The War Memorial in Seoul, South Korea

By Valery Collins | May 3, 2020

The only reminder in Seoul that South Korea and North Korea are still technically at war is The War Memorial.  This huge building is not a memorial but a large museum dedicated to past conflicts involving Korea.

The War Memorial in Seoul, South Korea

After the tragic Korean War during the 1950s Seoul, the capital of South Korea has emerged as one of the most exciting cities in the world.  But it has never forgotten its fallen and in 1994 the War Memorial of Korea opened its doors.  It stands on the former site of the army headquarters hence its formal exterior.

The War Memorial in Seoul, South Korea Credit: Valery Collins

The museum features six indoor halls with different themes and an outdoor collection of large scale weapons.  It is very well laid out with many interesting exhibits.  These include a small plane suspended from the ceiling with an airman standing at the open door ready to drop a bomb.  I visited Seoul during the last round of hostilities between North and South Korea in 2016.  The Koreans themselves showed little concern as tensions between the two countries mounted and life on the streets continued unabated.

Life on the Streets of Seoul in South Korea

Bedding for Sale in Gwangjang market in Seoul, South Korea Credit: Valery Collins

The streets of Seoul are colourful, chaotic and fun.  Ladies still wear the colourful traditional dress, the hanbok.  The skyscraper department stores stay open all night and as they close the markets start opening.  These include the famous Gwangjang market.  All South Korean couples will visit this market when planning their wedding.  They will find everything they need here including presents for their families.  Koreans still sleep on the floor and a new set of bedding is a popular present.  A huge contrast to this liberated culture is the Korea Demilitarized Zone or DMZ not far from the city.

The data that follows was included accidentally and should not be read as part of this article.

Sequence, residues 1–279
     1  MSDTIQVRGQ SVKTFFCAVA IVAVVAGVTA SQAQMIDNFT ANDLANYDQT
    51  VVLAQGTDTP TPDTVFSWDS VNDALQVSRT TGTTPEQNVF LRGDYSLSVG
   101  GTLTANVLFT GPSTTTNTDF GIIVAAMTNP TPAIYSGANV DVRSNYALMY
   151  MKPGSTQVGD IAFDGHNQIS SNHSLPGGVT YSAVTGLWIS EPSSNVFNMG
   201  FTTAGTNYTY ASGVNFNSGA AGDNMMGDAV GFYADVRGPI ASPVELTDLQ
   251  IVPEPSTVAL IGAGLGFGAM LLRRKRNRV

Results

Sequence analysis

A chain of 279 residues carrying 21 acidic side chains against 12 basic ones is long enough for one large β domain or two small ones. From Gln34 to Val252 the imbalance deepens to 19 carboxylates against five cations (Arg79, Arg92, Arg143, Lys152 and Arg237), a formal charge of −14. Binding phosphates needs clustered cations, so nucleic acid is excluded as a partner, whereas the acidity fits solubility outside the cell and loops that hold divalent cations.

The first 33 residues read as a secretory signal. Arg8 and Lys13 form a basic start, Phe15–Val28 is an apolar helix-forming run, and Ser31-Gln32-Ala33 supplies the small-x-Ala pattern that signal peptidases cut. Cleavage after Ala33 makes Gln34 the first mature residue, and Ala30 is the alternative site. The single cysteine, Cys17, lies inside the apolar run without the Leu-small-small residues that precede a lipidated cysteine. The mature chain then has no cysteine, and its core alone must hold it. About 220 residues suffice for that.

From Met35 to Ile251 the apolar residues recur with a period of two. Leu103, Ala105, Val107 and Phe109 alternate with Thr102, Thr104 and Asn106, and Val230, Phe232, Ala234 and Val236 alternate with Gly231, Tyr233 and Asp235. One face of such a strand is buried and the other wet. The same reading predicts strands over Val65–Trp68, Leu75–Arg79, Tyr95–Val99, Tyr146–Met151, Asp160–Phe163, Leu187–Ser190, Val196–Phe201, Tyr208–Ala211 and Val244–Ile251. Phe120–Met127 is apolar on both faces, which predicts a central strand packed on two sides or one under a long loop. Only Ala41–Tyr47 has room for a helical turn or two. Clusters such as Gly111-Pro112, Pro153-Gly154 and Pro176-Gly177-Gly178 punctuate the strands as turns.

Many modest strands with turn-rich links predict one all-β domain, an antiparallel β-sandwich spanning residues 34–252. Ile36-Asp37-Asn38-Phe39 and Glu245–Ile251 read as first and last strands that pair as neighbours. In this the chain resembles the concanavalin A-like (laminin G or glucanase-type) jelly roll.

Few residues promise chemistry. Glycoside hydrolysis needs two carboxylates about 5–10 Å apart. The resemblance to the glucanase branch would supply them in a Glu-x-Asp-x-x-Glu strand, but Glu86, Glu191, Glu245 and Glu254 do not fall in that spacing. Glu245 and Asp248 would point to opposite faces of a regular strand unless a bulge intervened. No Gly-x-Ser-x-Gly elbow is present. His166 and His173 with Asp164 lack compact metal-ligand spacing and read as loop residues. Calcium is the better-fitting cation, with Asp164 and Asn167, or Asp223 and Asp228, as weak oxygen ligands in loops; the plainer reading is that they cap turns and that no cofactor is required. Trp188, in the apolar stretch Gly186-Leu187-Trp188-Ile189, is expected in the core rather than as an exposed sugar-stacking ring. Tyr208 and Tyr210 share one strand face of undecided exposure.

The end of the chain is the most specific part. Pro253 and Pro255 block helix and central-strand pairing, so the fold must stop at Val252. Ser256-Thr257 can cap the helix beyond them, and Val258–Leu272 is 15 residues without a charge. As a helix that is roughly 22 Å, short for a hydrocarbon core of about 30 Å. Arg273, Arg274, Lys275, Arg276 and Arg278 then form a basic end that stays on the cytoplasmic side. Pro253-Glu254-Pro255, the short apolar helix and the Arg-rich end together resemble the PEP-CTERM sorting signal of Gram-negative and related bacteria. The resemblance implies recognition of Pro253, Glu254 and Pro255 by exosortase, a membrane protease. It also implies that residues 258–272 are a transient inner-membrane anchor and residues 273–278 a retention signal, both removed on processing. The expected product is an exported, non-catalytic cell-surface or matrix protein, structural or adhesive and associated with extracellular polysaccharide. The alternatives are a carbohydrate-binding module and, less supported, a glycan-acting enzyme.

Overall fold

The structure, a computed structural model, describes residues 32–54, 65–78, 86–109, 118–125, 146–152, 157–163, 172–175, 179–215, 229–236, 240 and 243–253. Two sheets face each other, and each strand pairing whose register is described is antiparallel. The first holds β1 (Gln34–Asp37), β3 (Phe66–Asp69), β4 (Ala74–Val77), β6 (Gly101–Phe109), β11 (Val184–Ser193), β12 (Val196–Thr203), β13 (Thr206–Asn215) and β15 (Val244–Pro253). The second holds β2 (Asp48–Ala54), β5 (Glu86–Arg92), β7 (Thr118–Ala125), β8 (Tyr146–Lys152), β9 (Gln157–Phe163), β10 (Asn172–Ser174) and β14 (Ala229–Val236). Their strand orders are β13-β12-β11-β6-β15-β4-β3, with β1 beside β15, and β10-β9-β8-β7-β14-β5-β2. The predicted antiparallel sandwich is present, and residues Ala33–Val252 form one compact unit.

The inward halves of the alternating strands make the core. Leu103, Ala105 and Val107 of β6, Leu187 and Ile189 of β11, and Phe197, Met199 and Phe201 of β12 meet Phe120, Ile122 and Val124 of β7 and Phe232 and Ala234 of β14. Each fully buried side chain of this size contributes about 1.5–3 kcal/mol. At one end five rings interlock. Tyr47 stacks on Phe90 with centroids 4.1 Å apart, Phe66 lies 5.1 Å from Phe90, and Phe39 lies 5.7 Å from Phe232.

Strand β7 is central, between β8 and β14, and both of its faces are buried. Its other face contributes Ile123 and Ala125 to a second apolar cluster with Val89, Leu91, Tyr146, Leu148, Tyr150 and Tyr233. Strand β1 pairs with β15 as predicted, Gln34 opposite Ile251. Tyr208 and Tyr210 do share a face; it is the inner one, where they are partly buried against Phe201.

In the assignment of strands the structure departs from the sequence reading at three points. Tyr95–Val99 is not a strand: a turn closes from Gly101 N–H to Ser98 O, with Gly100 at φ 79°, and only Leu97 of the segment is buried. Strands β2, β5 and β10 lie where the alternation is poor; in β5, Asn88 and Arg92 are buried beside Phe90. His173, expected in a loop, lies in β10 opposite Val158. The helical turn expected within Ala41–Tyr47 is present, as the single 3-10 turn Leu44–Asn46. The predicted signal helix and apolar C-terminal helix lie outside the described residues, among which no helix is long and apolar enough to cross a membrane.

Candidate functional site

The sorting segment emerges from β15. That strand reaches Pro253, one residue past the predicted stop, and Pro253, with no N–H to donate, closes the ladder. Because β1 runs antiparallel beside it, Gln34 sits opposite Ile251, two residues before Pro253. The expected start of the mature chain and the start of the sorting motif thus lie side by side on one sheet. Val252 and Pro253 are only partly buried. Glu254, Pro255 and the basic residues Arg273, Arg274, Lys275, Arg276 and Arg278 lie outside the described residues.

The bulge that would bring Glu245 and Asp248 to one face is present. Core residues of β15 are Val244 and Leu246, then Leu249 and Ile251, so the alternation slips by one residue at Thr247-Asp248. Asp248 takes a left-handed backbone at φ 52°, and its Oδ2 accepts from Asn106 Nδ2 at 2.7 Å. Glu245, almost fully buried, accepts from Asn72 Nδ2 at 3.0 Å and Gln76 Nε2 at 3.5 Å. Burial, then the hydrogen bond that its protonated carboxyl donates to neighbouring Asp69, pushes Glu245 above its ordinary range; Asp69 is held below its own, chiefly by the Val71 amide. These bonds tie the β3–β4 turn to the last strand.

The Korean Demilitarized Zone Near Seoul in South Korea

The Korean Demilitarized Zone or DMZ was created in 1953 in order to separate North and South Korea.  Today it remains fully manned and operational.  Tourists can visit the South Korean side under strict supervision.  The tour includes takes in tunnels built under the border by the North Koreans, a small museum and a deserted high-speed train station that would have linked the two countries.  Across the border visitors can see the deserted North Korena village of Kijong.  This is one of only two villages remaining in the DMZ.  The other, Taesung, in South Korea is still occupied but its inhabitants are kept under strict supervision.

The Korean Demilitarised Zone near Seoul in South Korea Credit: Valery Collins

In 2018 the leaders of North and South Korea made an agreement to work towards a resolution of the on-going conflict.  On 3 May 2020 there were reports of North Korean fire aimed at South Korea.  This was the day when North Korean dictator Kim Jong-un emerged after a mysterious absence of 20 days.  Meanwhile, South Korea continues to flourish achieving the accolade of four Oscars for the film Parasite.

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